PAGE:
The Office

Part 1

Dave: Good morning. I’m looking for Ms. Brannigan.
Receptionist: Do you have an appointment?
Dave: Yes. She should be expecting me, although I’m a touch early.
Receptionist: Can I ask your name?
Dave: It’s David Adams.
Receptionist: Ok, hold on a second. (makes a call) Hi, Samantha, there’s a gentleman here to see you, a David Adams. Ok…Ok…(puts phone down) She’ll be right with you. You can take a seat for a minute. Would you like anything to drink? Tea? Coffee? Water?
Dave: Just some water is fine. Thank you.


Part 2

Samantha: Hi Dave, how are you? Did you find it OK?
Dave: No problem.
Samantha: Come on through, I’ll give you the tour. (in office) Right, this is the main office, and as you can see it’s open-plan. My desk is that one there, by the window.
Dave: Nice view.
Samantha: The boss’s office is at the back, although he is on a business trip right now. Actually, the office is pretty quiet today: the interns are at a training session, and the marketing department are away on some team-building course.
Dave: How long have you been based here?
Samantha: It must be a couple of years now. I really prefer it to our last place. That was a depressing office, pretty soul-destroying. This is much better. We even have a kitchen and a games room.
Dave: A games room? What sort of games?
Samantha: Fussball, table tennis. Oh, and a games console hooked up to a projector. Some of the staff like to have game nights, but I’m not much cop at computers.
Dave: I wish I worked here.


Part 3

The difference between my office and my friend’s office is like chalk and cheese. Whereas my friend gets to go to work in casual clothes, I have to wear a shirt and tie every day; and whilst her office is open-plan, everyone in my office has a cubicle, making it difficult to talk to co-workers. My friend’s boss allows the staff to work flexi-time, but at my office it is Monday to Friday, 9 to 5, and everyone has to clock in. Her office also has a kitchen, a games room, a rooftop garden and a rest area with beds and beanbags. Mine has a water cooler. I get the feeling my boss doesn’t really like the staff.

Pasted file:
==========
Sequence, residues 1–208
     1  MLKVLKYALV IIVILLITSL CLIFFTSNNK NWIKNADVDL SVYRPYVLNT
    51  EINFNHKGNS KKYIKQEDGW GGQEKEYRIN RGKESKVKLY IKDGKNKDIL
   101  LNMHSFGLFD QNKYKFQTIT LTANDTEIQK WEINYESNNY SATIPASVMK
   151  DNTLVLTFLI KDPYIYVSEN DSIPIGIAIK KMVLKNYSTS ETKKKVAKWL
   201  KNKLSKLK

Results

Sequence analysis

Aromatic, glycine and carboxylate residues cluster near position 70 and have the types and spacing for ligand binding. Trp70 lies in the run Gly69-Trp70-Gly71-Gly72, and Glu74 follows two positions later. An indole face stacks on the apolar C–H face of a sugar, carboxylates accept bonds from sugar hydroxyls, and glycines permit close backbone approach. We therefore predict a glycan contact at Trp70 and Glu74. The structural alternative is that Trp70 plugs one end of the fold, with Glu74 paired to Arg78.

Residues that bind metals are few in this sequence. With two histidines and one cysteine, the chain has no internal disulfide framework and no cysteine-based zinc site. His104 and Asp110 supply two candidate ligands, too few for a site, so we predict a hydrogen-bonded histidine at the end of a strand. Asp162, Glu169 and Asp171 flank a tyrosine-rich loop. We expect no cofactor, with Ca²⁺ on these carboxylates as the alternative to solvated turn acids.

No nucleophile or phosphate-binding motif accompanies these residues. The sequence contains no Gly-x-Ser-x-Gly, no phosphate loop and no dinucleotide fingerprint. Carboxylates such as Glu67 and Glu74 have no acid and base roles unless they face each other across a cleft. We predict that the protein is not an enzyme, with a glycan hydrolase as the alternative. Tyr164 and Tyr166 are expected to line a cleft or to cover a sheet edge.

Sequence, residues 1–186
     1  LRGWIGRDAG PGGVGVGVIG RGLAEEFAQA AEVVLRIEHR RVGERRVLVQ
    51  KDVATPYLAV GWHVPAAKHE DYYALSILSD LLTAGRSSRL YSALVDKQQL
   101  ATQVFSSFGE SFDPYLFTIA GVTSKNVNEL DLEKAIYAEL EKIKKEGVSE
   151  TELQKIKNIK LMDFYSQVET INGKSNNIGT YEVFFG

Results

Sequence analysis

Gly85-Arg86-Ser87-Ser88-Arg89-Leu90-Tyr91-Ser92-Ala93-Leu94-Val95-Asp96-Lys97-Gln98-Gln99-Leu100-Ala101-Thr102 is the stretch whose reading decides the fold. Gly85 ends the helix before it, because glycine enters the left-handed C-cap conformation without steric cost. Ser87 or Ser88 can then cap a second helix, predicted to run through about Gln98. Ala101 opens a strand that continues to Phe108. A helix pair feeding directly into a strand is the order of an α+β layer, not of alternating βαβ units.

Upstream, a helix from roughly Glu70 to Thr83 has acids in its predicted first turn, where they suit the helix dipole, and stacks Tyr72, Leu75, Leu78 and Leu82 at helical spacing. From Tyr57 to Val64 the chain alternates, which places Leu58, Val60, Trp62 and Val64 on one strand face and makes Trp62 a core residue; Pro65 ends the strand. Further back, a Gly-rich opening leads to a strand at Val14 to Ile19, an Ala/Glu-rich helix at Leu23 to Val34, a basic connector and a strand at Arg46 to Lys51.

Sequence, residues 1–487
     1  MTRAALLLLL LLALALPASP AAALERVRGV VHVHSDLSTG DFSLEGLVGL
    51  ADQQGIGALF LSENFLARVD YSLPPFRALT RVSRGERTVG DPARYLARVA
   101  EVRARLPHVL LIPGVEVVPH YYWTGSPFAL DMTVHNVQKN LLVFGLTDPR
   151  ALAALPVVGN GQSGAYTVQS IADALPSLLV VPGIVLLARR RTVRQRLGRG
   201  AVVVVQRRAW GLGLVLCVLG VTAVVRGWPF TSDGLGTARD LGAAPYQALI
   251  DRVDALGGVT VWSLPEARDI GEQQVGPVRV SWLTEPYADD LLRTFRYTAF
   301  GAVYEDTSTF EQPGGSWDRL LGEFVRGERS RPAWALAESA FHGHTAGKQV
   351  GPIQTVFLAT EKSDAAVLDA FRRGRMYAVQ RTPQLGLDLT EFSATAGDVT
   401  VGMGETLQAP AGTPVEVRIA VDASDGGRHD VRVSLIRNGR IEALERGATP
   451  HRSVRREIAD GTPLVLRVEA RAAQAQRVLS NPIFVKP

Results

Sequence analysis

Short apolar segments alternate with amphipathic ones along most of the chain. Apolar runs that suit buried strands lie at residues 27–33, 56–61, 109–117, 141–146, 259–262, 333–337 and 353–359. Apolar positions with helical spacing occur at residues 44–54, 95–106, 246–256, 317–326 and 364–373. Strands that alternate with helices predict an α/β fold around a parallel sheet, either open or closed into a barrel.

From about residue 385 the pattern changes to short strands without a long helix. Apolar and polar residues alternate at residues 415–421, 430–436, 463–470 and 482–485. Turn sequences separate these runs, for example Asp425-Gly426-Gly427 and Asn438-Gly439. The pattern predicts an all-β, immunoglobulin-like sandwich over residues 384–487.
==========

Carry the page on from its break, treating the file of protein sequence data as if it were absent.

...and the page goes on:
Part 4

Having a pleasant work environment is important for staff morale, and increasingly companies are trying to turn offices into places that employees want to go, rather than have to go. There is an old adage – ‘a happy worker is a productive worker’ – and many employers now are showing more imagination than merely offering free coffee and occasional office outings.
America’s software giants are famous for their office environments. The idea of people working at computers in cubicles is seen as old-fashioned and counter-productive; instead, offices offer both home-comforts and things to keep workers interested, such as games rooms, quality restaurants, gardens, fountains, and even beds. Facebook has a DJ booth in its offices, and Apple’s offices are set out like an entire university, including a theatre, a gym, and a basketball court, giving it the name ‘Apple Campus’. Google’s California office also includes many of the aforementioned items, but also has a piano, laundry rooms, 2 swimming pools, beach volleyball courts, and even a large dinosaur statue.
Other strange things to find in offices are: a skate bowl (Comvert’s Milan office, built in an old cinema), slides instead of stairs (many places, including Red Bull’s London HQ and Corus Quay in Toronto), indoor running track, football pitch, and a concert hall (Dtac in Bangkok), a lot of Lego (Lego offices), walls to write on (many places, including Loop in Salzburg, Austria), huge toy car race tracks, a pirate ship and a tree house (Davison Design and Development’s ‘Inventionland’ office in Pittsburgh), and personal bubbles instead of offices (Pons and Huet in Paris).
Finally, British company onebestway made the news in 2009: with the company facing difficult times, something was needed to improve staff morale. One idea was ‘Naked Friday’, in which staff worked with no clothes on. The staff agreed, and afterwards said the day was enjoyable. Making the news also greatly helped the company’s PR.

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